Dating a non college graduate

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Read More: Extreme Marriage Experiment Suggests It’s Better to Be Right Than Happy While most married couples still have similar education levels, that percentage too is dropping. "The marriage rate among this group plummeted—from 72% in 1960 to 46% in 2012." Three quarters of American wives in 1960 were married to guys who, like them, had a high school education or less.

Sometime during the 80s, the share of married folks who both didn't go to college slipped below 50%.

The main idea is that women have been attending college at much higher rates than men since the 1980s, in the U. The dating pool for college-educated people in their 30s now has five women for every four men.

For people in their 20s, it's four women for every three men. In Manhattan, there are 38 percent more female college grads under the age of 25 than college-grad men, according to Birger's data. C., 86 percent in Miami, 49 percent in Washington and 37 percent in Los Angeles. that more men than women graduated from college was 1981.

Given the shortage of young men in post-World War I Europe — 10 million soldiers died and 20 million were wounded, many grievously — Bernard wonders why any bachelor would want to settle down. Today’s hookup culture does have one big thing in common with the ’20s flapper generation, and that is demographics.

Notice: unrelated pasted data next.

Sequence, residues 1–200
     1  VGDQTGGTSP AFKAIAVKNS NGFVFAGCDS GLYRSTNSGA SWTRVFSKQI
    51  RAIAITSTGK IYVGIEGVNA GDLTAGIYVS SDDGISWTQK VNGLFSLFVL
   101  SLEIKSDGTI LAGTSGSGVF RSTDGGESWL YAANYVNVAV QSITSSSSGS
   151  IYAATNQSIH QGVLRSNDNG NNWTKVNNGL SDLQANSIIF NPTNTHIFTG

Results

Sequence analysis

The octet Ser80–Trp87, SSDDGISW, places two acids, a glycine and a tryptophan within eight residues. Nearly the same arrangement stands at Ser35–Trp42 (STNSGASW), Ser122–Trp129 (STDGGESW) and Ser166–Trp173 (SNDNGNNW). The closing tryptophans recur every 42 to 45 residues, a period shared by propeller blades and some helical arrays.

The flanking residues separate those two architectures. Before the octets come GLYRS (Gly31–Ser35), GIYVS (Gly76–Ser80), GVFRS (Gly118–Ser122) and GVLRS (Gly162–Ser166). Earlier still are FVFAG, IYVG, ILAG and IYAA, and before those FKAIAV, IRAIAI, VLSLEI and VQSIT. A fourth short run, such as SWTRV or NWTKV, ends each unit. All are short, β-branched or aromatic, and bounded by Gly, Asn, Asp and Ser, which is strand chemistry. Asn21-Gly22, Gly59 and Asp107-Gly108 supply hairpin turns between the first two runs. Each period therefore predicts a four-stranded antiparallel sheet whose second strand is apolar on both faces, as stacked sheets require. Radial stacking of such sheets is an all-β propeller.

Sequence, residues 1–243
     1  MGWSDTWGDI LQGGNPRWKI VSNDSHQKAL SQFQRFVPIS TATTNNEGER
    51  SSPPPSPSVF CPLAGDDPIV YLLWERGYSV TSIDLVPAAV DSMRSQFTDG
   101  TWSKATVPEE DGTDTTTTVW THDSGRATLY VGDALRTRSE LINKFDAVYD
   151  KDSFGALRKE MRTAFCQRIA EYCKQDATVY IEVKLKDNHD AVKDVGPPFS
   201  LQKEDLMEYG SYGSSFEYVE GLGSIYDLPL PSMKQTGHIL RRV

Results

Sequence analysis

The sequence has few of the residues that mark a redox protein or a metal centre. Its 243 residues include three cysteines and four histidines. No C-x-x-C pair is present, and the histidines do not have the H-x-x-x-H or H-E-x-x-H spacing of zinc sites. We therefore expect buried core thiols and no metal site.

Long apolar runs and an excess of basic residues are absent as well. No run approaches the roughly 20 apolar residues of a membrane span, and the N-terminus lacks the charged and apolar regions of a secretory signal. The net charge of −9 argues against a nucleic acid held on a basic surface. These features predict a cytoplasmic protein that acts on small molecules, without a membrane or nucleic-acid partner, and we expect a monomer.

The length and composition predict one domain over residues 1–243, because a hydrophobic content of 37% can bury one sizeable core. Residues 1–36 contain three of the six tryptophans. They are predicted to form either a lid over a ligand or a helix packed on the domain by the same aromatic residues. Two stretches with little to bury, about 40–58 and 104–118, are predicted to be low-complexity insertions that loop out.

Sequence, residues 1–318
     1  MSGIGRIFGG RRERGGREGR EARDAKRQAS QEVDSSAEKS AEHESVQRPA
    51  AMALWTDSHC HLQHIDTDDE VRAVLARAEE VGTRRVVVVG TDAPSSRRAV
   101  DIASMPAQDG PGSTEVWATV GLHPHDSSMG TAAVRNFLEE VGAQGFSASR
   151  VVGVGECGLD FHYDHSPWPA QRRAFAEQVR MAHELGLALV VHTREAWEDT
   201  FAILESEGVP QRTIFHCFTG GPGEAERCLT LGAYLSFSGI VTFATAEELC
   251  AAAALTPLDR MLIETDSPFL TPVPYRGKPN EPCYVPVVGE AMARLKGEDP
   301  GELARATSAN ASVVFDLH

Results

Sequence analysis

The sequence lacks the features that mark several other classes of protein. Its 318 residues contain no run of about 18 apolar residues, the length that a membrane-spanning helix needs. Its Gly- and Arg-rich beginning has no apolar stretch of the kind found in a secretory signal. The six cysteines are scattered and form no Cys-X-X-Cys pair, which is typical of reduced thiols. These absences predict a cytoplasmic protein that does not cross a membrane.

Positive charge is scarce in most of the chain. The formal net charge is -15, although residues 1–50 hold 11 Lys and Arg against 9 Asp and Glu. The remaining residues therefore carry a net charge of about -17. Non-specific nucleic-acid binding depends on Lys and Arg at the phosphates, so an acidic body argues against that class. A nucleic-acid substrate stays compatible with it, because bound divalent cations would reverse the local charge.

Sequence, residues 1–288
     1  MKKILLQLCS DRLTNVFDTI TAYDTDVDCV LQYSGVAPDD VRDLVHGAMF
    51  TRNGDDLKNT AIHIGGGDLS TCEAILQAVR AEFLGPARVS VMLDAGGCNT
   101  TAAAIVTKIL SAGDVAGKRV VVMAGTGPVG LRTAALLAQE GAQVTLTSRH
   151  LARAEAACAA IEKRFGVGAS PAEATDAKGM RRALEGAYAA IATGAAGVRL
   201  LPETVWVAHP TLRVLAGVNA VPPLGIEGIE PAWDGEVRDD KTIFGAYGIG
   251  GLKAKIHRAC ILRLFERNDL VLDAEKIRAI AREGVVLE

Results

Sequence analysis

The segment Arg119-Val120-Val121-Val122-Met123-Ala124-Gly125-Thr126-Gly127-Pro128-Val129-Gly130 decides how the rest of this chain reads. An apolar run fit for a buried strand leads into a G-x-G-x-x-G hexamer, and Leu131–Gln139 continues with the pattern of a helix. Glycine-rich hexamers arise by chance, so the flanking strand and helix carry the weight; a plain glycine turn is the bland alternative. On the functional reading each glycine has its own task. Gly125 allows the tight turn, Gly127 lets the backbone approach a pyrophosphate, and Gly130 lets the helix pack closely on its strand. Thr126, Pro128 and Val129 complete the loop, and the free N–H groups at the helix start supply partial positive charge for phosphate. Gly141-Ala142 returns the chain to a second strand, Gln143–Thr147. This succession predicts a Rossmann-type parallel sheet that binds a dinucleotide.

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The result is that there are only 85 men for every 100 women who are 25 to 35 years old and who are college educated. The report may back up what single women with college degrees have been sensing for years: The pickings are slim.

That's the prime marrying age for Americans, given that men and women tend to be in their late 20s when they marry for the first time, according to the U. The changing demographics will have a wide-ranging impact on men and women, as well as on how they form -- or don't form -- families.

Given the shortage of college-educated men, highly educated women are likely to either look for men who have fewer qualifications (and likely earn less) than them, or else skip marriage entirely, the researchers said."Women are now more educated than men, meaning that they will necessarily face a shortage of marriage partners with the same level of education," Sawhill and Venator wrote.

In the Vanity Fair article, David Buss, a University of Texas psychology professor, says that apps like Tinder contribute to “a perceived surplus of women,” among straight men, which in turn leads to more hookups and fewer traditional relationships.

Here’s the thing: This surplus of women is not just “perceived” but very, very real.

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